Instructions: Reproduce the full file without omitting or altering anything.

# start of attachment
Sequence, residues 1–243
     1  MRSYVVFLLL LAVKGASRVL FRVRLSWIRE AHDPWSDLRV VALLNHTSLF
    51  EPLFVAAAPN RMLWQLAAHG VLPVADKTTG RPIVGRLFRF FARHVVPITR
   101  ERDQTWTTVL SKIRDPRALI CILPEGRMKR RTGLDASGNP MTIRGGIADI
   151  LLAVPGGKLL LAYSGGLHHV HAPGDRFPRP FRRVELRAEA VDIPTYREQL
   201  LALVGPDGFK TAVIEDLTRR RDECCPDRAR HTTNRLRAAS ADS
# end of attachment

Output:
Sequence, residues 1–243
     1  MRSYVVFLLL LAVKGASRVL FRVRLSWIRE AHDPWSDLRV VALLNHTSLF
    51  EPLFVAAAPN RMLWQLAAHG VLPVADKTTG RPIVGRLFRF FARHVVPITR
   101  ERDQTWTTVL SKIRDPRALI CILPEGRMKR RTGLDASGNP MTIRGGIADI
   151  LLAVPGGKLL LAYSGGLHHV HAPGDRFPRP FRRVELRAEA VDIPTYREQL
   201  LALVGPDGFK TAVIEDLTRR RDECCPDRAR HTTNRLRAAS ADS